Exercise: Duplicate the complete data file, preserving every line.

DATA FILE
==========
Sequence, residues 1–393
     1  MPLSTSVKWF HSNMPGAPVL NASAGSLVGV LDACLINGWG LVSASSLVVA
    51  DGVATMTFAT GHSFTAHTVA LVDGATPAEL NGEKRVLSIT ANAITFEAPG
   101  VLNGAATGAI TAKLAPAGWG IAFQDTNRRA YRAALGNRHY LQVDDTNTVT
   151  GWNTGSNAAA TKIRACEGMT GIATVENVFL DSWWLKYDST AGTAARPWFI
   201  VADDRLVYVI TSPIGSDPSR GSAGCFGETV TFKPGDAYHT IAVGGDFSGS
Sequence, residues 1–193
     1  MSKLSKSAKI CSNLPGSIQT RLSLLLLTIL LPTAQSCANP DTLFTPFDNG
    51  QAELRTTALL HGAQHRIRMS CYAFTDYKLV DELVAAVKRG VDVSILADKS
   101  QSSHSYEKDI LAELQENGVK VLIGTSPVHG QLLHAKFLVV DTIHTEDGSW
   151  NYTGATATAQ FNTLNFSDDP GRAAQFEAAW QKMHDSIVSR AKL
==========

Sequence, residues 1–393
     1  MPLSTSVKWF HSNMPGAPVL NASAGSLVGV LDACLINGWG LVSASSLVVA
    51  DGVATMTFAT GHSFTAHTVA LVDGATPAEL NGEKRVLSIT ANAITFEAPG
   101  VLNGAATGAI TAKLAPAGWG IAFQDTNRRA YRAALGNRHY LQVDDTNTVT
   151  GWNTGSNAAA TKIRACEGMT GIATVENVFL DSWWLKYDST AGTAARPWFI
   201  VADDRLVYVI TSPIGSDPSR GSAGCFGETV TFKPGDAYHT IAVGGDFSGS
Sequence, residues 1–193
     1  MSKLSKSAKI CSNLPGSIQT RLSLLLLTIL LPTAQSCANP DTLFTPFDNG
    51  QAELRTTALL HGAQHRIRMS CYAFTDYKLV DELVAAVKRG VDVSILADKS
   101  QSSHSYEKDI LAELQENGVK VLIGTSPVHG QLLHAKFLVV DTIHTEDGSW
   151  NYTGATATAQ FNTLNFSDDP GRAAQFEAAW QKMHDSIVSR AKL